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Sometimes they seems to do best all on their own...

Posted by windfall_rob vt4 (My Page) on
Sun, Sep 29, 13 at 8:24

I swung past my favorite local feral tree today looking for a few bushels as base for some sweet cider.
It's one of those trees that has never seen any care and yet is near perfectly formed, shows no sign of scab or other fungal issues and drops tons of fantastic and clean fruit (every other year).

It always strikes me how I can fuss over my own trees, pruning spreading branches, spraying all season, thinning, etc......
And yet here is a tree that consistently produces fruit as clean, well sized, and colored as anything I get off my own.

I understand some of it. It has a wonderful location all alone out in the middle of field, good soils, great sun exposure, and lots of air movement.
Clearly it is near scab immune as I have never seen any on it..

..but what about the bugs? Why does it get so little damage? Although it is all alone from a growth standpoint, there are other ferals within thirty yards...the whole valley is full of them. Bear and deer do scour the drops at this tree always (they like this variety too!)

I see this here and there, and I am sure some component of it is gentic, but grafts from trees like this rarely perform quite as well. Being on their own roots could be part of the equation, and I think microclimate plays in as well. Sometimes it makes me think there are some pieces of the puzzle we just are not getting.

Follow-Up Postings:

RE: Sometimes they seems to do best all on their own...

Air-layering will give you identical tree on its own root. You should try it.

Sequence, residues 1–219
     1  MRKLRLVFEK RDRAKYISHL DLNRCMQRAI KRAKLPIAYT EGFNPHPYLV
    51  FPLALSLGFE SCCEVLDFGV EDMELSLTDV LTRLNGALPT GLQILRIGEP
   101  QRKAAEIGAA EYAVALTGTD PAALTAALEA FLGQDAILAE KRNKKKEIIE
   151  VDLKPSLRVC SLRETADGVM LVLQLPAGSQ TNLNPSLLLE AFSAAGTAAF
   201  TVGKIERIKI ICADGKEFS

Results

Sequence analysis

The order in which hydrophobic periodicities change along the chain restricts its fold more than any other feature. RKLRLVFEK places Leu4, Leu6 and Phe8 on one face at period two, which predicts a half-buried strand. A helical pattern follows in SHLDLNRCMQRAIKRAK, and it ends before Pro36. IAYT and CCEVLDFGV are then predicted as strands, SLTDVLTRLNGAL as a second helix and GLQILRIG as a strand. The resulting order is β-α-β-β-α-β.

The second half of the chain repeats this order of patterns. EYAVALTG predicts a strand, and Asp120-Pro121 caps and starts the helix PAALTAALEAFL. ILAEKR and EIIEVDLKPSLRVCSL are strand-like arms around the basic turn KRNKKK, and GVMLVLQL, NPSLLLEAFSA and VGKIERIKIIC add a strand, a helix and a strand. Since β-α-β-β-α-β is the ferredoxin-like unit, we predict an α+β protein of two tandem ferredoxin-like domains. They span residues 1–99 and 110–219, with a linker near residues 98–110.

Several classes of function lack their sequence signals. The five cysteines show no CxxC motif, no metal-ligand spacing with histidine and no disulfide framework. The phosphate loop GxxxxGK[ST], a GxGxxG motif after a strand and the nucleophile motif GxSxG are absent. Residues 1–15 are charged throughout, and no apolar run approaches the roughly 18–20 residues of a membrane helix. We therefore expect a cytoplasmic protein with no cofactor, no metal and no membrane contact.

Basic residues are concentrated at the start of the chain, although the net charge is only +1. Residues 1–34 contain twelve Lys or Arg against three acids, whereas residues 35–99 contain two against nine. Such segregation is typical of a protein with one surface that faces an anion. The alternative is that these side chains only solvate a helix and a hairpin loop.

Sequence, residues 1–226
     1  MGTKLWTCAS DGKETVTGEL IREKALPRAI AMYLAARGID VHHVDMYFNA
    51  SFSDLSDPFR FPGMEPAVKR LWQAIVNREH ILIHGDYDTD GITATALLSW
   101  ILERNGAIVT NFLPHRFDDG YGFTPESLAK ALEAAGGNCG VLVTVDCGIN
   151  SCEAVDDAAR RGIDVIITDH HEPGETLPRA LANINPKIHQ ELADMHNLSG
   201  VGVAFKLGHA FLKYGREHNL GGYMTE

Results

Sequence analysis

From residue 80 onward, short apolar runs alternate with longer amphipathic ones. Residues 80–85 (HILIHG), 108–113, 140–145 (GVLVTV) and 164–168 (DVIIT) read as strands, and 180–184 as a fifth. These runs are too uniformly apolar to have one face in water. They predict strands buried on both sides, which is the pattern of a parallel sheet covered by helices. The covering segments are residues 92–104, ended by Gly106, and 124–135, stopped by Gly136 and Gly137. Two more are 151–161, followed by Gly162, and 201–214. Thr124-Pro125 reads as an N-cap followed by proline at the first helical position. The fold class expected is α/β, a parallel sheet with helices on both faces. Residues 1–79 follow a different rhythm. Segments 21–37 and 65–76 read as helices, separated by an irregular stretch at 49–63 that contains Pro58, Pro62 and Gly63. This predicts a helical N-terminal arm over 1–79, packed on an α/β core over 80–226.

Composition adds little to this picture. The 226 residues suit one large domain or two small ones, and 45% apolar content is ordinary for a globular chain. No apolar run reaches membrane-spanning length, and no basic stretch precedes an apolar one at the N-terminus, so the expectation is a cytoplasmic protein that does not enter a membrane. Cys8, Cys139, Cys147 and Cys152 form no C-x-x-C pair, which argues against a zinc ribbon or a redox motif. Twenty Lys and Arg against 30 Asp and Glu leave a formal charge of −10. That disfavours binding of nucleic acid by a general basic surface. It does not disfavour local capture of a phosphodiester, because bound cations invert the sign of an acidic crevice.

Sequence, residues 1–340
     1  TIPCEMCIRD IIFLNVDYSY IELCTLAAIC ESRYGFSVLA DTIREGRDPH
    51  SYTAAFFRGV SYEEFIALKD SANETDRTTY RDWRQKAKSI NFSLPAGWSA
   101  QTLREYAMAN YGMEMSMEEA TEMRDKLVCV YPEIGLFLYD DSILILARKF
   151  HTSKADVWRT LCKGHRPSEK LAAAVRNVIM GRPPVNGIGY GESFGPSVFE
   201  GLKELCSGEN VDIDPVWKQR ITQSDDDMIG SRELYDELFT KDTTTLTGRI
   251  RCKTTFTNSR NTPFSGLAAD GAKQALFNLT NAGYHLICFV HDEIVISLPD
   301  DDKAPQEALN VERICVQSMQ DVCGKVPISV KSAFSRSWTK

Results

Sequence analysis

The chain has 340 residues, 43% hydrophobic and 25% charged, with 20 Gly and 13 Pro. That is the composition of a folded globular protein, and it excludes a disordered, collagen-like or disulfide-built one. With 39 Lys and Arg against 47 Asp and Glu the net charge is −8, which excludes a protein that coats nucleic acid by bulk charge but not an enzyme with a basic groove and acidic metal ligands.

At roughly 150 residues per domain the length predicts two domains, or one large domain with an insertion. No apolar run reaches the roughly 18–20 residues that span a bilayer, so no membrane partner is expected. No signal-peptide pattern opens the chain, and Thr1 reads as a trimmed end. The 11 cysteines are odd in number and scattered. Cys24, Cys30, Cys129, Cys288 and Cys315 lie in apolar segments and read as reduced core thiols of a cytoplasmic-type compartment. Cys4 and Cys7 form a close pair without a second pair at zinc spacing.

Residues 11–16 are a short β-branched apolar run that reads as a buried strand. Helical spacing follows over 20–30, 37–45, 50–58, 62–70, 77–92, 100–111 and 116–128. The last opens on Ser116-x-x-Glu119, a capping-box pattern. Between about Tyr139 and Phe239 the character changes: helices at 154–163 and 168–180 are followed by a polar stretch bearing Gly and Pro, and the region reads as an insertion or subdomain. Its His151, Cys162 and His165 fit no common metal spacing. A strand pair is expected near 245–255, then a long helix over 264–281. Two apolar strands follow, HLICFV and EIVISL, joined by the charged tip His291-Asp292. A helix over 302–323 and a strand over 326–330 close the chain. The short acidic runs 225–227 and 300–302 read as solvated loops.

RE: Sometimes they seems to do best all on their own...

If I don't spray for codling moth I get a worm in every apple. The cider is still pretty good however. Al

RE: Sometimes they seems to do best all on their own...

Some varieties are not attractive to Plum Curculio but in Z4 that is probably not a pest in your profile. Here it is late, hard apples that tend to have this attribute. It is not surprising to me that you have a wild apple not susceptible to your common pests.

If you want a closer related rootstock, sprout some seeds from it and then, if needed, you can graft a piece from mom. Some varieties of apples actually do come close to parent if they are self fertile, or so I've read.

RE: Sometimes they seems to do best all on their own...

I had the new granny smith of New england. A green 2.5 inch apple with a tart but pleasantly sweet taste. 90% mark free (no scab or worms). The land owner was a friend and when he put a road in for a subdivision I took a few grafts. I grafted onto a seedling in a rock wall bordering my small orchard and it grew like it was on steroids. I spray it when I spray the other trees but has turned into a pest magnet. Makes a marshall mac look good. the original tree is gone now and so is my plan for a retirement on 1.25 per tree to retire on.(still makes good cider).

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